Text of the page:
Is there a way to report on who is viewing Skuid pages? We are looking to get metrics on which pages are or aren’t being used. Most are hosted on VisualForce pages and SalesForce allows you to report on the view counts per security profile per page. However, I’d like also to get counts and last viewed dates for our pages by specific user. Is that possible?
You could create a custom object called “page tracker” and then create an on-page-load triggered action sequence to create a new record in a model on that object that records the user’s name, the page name (a text value you would set), and the current date time). Then you could add that action sequence to any squid page and you would have a central repository that would track all the page visits.
Thanks for the interesting suggestion but I was hoping that information was captured by Skuid in a way that was reportable, rather than having to add an action sequence to most pages. Since user preferences are retained for things like filter options, I assume last viewed info is stored. The question is whether that info is exposed to clients to report on.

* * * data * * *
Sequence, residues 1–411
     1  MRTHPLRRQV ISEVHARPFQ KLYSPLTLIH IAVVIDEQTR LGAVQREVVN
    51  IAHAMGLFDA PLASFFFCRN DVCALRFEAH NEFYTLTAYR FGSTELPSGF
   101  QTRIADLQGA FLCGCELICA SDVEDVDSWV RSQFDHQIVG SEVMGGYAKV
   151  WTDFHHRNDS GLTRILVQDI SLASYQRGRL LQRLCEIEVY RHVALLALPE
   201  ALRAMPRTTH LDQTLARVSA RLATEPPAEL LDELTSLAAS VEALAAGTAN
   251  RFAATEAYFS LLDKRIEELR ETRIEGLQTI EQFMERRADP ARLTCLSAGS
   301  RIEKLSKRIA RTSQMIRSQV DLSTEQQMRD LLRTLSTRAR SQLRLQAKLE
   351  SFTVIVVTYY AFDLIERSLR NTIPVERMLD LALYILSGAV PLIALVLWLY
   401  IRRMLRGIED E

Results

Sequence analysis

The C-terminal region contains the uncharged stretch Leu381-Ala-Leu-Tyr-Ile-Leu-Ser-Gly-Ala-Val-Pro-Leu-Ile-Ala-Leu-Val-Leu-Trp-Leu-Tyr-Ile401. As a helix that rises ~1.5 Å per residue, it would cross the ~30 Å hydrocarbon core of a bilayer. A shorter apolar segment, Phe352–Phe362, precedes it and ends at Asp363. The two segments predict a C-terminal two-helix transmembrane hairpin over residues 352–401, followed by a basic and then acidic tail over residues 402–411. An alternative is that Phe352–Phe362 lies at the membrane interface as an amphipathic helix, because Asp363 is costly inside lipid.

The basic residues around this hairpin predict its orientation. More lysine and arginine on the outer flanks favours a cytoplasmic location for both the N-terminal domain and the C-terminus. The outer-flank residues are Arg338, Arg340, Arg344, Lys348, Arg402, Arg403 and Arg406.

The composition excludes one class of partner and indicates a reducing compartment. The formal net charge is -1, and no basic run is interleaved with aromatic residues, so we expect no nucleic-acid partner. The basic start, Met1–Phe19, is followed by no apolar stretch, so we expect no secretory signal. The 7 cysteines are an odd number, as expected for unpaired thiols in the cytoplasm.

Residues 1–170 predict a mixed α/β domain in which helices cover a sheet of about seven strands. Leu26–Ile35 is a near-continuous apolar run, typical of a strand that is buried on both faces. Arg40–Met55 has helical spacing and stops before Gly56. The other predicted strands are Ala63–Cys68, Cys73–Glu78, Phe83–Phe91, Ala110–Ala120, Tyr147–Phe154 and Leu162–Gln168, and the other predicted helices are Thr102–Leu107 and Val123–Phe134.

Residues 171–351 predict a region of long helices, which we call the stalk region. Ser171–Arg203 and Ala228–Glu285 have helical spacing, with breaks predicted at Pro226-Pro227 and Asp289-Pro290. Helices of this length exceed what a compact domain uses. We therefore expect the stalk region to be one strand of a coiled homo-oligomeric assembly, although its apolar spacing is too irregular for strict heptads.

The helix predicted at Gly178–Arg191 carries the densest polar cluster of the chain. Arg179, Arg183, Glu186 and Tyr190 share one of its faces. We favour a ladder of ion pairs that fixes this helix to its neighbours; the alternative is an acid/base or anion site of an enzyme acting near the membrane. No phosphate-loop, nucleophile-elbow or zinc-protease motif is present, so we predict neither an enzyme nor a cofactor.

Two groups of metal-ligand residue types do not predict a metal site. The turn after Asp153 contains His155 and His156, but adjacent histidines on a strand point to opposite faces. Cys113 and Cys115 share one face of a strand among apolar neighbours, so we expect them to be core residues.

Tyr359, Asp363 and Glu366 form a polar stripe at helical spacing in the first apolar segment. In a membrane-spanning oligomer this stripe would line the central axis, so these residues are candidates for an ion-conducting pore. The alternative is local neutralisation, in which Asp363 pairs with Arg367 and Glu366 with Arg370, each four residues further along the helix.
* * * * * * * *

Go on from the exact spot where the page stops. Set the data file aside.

Frequently requested. Not yet tackled.
The filter memory and tab placement memory are interesting ideas. I’ll look into those.
We wrote a report on SkuidLabs showing a pretty straight forward way of reporting this out.
@Rob_Hatch Thanks for sending the specs.
I don’t think I’ll go the route of creating a custom model and action since we have almost 200 pages and I’d rather not have to add this action to even 20% (though the roadmap cross-page resource feature could help!) and will keep with just reporting on the profile level that SalesForce offers.
But if you have the resources to tackle adding a way to expose Skuid page visits per user, I’m sure other customers have a similar use case in that they’d like to know which pages are being used by whom, and which are not.
Oh yes - we’ve had lots of conversations about it and heard the need from all sorts of customers. There are just some interesting wrinkles about how far down the usage track we go, and how we do it so we don’t crush your salesforce instance with tons of data records (which can get expensive)